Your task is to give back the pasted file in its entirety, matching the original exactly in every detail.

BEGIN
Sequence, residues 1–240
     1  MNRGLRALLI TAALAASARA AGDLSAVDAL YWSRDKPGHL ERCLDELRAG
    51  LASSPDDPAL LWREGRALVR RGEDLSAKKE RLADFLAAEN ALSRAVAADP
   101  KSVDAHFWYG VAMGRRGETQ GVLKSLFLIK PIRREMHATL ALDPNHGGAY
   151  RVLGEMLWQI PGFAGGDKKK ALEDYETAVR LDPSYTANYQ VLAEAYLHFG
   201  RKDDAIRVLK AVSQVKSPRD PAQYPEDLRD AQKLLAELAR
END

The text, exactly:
Sequence, residues 1–240
     1  MNRGLRALLI TAALAASARA AGDLSAVDAL YWSRDKPGHL ERCLDELRAG
    51  LASSPDDPAL LWREGRALVR RGEDLSAKKE RLADFLAAEN ALSRAVAADP
   101  KSVDAHFWYG VAMGRRGETQ GVLKSLFLIK PIRREMHATL ALDPNHGGAY
   151  RVLGEMLWQI PGFAGGDKKK ALEDYETAVR LDPSYTANYQ VLAEAYLHFG
   201  RKDDAIRVLK AVSQVKSPRD PAQYPEDLRD AQKLLAELAR